The following is a guest blog post by Elizabeth D. Leonard, author of Benjamin Franklin Butler: A Noisy, Fearless Life. Benjamin Franklin Butler was one of the most important and controversial military and political leaders of the Civil War and Reconstruction eras. Remembered most often for his uncompromising administration of the Federal occupation of New Orleans… Continue Reading What Ever Happened to Sheppard Mallory, Frank Baker, and James Townsend?
Happy Women’s History Month! In celebration of this historical month, we’ll be sharing reading lists curated by our staff featuring all authors who identify as women. Today we’re sharing a list from Susan Garrett, our Sales Manager. Click here to see the previously shared lists and learn more about how Women’s History Month came about. If you’re interested in… Continue Reading Women’s History Month 2022 Reading List (Curated by Susan Garrett)
True peace is not merely the absence of tension; it is the presence of justice. Martin Luther King Jr., Stride Toward Freedom Today marks the 36th annual observance of Martin Luther King Jr. Day. First observed in 1986, Martin Luther King Jr. Day serves as a celebration of the life of Civil Rights leader Martin… Continue Reading Martin Luther King Jr. Day: Recommended Reading List
December 1st, 1955, marks the day civil rights activist Rosa Parks rejected a bus driver’s order, in Montgomery, Alabama, to give up her seat in the “colored” section of the bus to a white passenger, after the whites-only section had already been filled. She was then arrested and convicted of violating the laws of segregation.… Continue Reading Happy Rosa Parks Day: A Recommended Reading List
Even though the museum recognizes Smith’s protest, if only barely, her protest tells us something valuable about the production of history and the sanctification of certain experiences over others. Here, a single person with a particular set of memories and a determination to remember a figure of such importance as King in a specific way finds herself facing an institution with a public commitment to remembrance that has become her own horror. Continue Reading Jonathan Scott Holloway: Whose Dream? Whose History?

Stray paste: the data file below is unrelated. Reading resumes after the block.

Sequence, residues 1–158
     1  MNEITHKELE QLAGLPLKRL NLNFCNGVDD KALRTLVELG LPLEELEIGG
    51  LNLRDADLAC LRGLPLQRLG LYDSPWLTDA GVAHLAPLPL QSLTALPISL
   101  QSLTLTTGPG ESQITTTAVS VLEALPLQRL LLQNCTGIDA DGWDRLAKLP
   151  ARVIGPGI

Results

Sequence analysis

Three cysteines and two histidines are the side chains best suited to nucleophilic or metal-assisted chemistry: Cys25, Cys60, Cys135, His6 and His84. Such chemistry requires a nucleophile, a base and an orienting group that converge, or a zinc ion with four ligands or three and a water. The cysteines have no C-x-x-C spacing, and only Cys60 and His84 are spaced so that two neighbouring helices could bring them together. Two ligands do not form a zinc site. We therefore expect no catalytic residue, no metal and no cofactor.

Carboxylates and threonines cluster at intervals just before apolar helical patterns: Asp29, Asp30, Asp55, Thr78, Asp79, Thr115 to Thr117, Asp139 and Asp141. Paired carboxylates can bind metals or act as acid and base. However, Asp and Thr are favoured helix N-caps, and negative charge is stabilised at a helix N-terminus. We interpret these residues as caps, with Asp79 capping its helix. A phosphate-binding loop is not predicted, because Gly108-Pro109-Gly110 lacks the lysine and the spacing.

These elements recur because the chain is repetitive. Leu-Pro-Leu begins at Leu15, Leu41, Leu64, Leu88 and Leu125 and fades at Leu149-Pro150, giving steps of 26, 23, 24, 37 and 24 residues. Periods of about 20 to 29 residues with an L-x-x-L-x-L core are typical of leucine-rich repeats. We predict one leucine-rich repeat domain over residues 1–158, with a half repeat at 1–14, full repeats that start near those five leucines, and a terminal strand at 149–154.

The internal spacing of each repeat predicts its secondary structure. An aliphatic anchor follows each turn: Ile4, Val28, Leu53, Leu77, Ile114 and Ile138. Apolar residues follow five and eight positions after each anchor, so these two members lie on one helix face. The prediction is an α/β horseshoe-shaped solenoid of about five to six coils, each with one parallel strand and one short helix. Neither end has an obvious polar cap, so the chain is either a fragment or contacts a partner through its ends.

Only during the Poor People’s Campaign did activists of so many different backgrounds—from veterans of the labor and southern civil rights movements to Chicano, American Indian, antiwar, and welfare rights activists—attempt to construct a physical and spiritual community that addressed poverty and broader issues of social justice for longer than a one-day rally. Continue Reading Gordon K. Mantler: Remembering that Other March on Washington
Mays’s own life took him from the nadir of Jim Crow in the Deep South, to the long march of civil rights agitation and education, to the culmination of the Black Freedom struggle in the late 1960s. Long before King began his ministry in Montgomery, Mays had advocated that black churches become centers of civil rights activism, and he was delighted when they nurtured a democratic movement that brought down the walls of racial segregation in the United States. Continue Reading Excerpt: Benjamin Elijah Mays, Schoolmaster of the Movement, by Randal Maurice Jelks
Today, February 12th, 2010, marks the 101st anniversary of one of the nation’s most important organizations, the National Association for the Advancement of Colored People. Because of today’s important nature, we want to focus on someone central to the organization’s success, as well as many more victories in the civil rights movement. Born in 1903,… Continue Reading An NAACP Anniversary: Looking Back at Ella Baker
All readers interested in American history should take the coming Martin Luther King, Jr. Holiday weekend as an opportunity to head to the Wilmington area for a fantastic panel discussion titled “Black Men Bearing Freedom: U.S. Colored Troops and Their Impact in North Carolina” on January 15th at 6 p.m. Presented by the Fort Fisher… Continue Reading “Black Men Bearing Freedom” This Weekend in Wilmington